You’ve all heard the story of Henry Ford commenting on the automobile: “If I had asked people what they wanted, they would have said faster horses.” There is a fair amount of debate as to whether he actually said this, but certainly the sentiment rings true. Ask customers what improvement they would like, and they’ll probably come up with something incremental to what they already have.
What about content?
One of the things that marketers can get wrapped up in these days is overanalyzing content consumption data and persona research to understand what the “customer wants.” Call it a learned habit from wearing our marketing messaging hats too long – where the driver is repetition of the same message over and over and over again.
For example, a director of content at a large technology company told me that after doing an exhaustive analysis of third-party social content (a social-conversation analysis), their own website content, and interviews with current and existing customers, that they had landed on five topics that their customers wanted to talk about. He said he was going to focus his content people on those five topics.
I told him the story I’m about to tell you.
In the mid-1990s, I worked for Showtime Networks, which is owned by Viacom. Now, Viacom is a massive company and (at the time) owned a broad range of entertainment companies, such as CBS, MTV, Nickelodeon, Showtime, The Movie Channel, Paramount Pictures, and on and on. (In 2006, they split CBS and Viacom into separate companies, but that’s a different story.) Anyway, back in 1994, Viacom bought this hugely successful company called Blockbuster Video. The chatter around the various offices was about becoming a “software company.” See, one of the primary reasons Viacom purchased Blockbuster was for access to the Blockbuster database. The feeling was that this massive database of 50 million consumers and their content-consumption habits would provide incredible data for the various networks to use for strategy. They could look at the popularity of movies, actors, directors, plot lines, etc., and use that to create the “perfect” content.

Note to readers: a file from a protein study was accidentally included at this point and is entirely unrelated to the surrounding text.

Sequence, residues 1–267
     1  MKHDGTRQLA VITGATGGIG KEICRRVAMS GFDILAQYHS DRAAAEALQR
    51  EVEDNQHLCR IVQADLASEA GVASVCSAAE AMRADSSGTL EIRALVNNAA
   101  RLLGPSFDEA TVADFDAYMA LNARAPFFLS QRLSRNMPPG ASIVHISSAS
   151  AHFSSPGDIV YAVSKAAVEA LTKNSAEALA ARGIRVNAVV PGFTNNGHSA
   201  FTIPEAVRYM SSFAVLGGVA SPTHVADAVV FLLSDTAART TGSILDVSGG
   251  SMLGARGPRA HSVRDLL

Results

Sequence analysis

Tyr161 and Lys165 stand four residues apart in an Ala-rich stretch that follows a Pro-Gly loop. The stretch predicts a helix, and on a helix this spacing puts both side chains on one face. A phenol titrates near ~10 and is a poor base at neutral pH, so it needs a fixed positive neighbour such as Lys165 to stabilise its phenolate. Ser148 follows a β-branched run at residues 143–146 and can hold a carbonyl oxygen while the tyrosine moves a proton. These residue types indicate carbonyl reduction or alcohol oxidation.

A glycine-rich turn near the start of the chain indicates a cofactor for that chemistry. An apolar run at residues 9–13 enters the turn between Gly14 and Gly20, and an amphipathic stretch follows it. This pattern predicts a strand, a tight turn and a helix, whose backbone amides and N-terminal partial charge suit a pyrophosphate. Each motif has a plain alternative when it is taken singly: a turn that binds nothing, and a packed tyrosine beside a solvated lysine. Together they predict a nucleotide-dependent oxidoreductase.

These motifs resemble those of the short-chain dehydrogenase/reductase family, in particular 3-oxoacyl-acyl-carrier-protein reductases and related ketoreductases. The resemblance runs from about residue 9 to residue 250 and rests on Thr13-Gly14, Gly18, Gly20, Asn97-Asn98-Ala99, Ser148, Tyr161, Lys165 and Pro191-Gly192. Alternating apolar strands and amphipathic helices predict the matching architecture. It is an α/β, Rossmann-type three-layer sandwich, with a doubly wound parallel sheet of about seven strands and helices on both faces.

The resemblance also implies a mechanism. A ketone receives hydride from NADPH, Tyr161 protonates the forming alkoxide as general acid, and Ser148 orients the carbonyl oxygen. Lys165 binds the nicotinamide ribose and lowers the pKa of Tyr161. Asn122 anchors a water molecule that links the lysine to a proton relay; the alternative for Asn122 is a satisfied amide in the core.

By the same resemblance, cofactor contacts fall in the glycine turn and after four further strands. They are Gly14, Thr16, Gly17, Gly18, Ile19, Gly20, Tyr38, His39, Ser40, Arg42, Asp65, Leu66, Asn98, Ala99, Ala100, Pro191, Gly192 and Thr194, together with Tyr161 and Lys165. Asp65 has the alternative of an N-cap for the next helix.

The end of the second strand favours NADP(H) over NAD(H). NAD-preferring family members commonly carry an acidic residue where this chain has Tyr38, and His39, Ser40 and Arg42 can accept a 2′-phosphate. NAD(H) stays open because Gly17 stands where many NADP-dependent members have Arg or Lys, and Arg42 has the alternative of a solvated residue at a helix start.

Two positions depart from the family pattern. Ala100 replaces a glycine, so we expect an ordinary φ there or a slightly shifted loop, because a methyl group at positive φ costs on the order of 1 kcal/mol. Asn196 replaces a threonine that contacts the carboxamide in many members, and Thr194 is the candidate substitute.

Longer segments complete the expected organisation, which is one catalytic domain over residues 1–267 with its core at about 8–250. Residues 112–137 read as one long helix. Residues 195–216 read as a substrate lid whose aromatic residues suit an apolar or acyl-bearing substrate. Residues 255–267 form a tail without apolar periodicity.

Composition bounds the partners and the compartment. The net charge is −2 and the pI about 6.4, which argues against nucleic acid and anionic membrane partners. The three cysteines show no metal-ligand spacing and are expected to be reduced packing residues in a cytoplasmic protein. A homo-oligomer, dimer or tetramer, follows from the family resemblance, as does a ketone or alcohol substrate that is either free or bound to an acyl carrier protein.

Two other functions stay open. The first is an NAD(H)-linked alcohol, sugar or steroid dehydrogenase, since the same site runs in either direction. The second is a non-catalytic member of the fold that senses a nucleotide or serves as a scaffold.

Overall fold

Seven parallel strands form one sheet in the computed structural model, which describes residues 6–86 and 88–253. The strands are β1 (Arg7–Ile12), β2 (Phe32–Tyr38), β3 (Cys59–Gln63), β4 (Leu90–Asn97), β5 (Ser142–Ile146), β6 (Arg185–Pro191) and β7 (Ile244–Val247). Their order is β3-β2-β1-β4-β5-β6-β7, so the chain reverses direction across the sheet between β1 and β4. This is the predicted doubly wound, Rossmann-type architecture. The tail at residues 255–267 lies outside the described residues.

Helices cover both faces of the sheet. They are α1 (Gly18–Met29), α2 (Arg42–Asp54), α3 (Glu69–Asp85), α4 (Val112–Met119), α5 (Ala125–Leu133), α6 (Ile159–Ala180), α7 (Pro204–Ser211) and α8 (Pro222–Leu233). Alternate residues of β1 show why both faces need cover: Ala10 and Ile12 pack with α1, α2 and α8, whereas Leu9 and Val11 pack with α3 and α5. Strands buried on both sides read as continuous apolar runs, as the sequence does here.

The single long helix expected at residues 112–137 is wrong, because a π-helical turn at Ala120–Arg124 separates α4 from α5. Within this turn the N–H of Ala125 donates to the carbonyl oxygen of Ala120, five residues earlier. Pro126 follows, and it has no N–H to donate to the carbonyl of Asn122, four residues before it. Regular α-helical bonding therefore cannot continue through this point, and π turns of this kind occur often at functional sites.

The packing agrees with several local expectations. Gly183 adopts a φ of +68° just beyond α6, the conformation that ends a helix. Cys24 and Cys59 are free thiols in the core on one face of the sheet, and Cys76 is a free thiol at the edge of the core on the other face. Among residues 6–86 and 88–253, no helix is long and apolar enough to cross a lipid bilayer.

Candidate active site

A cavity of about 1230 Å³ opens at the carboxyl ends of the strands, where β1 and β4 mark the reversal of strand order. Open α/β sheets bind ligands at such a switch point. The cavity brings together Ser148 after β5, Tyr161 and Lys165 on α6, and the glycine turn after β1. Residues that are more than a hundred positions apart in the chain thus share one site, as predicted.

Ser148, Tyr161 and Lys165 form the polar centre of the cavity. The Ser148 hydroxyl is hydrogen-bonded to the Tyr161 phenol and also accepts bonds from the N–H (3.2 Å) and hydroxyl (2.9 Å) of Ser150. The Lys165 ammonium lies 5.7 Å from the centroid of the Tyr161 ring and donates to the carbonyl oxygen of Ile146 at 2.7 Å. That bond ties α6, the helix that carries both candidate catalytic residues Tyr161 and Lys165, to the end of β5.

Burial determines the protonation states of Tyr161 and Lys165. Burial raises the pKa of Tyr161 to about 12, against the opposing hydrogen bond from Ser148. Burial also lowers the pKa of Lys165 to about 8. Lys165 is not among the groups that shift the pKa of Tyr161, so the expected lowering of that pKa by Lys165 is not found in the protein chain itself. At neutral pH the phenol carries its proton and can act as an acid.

There was only one problem. As it turns out, when you assemble the most popular plot line, cast it with the most popular actors, and have it directed by the most popular director, you typically wind up with a fairly horrible movie.
You can use consumption data to surface similar content. That’s a great model, as Netflix has discovered. And, to some extent, you can use consumption data to predict a finished work’s success, as Netflix CCO Ted Sarandos did when contemplating whether to produce the TV series House of Cards, Netflix’s foray into original programming and, by most measures, a smash.
But using that same data as a means of limiting your creation of content is a recipe for mediocrity.
One of the primary reasons we find a piece of content so resonant, and so valuable, is that it surprises us – it gives us something we never knew we wanted. So it can make sense to avoid limiting ourselves to what our consumers are talking about or have said they want.
Instead, let’s examine what they might not know they need. Let’s get creative about how we deliver it to them. If we’re going to start a conversation with a customer, we have to give them something new to talk about.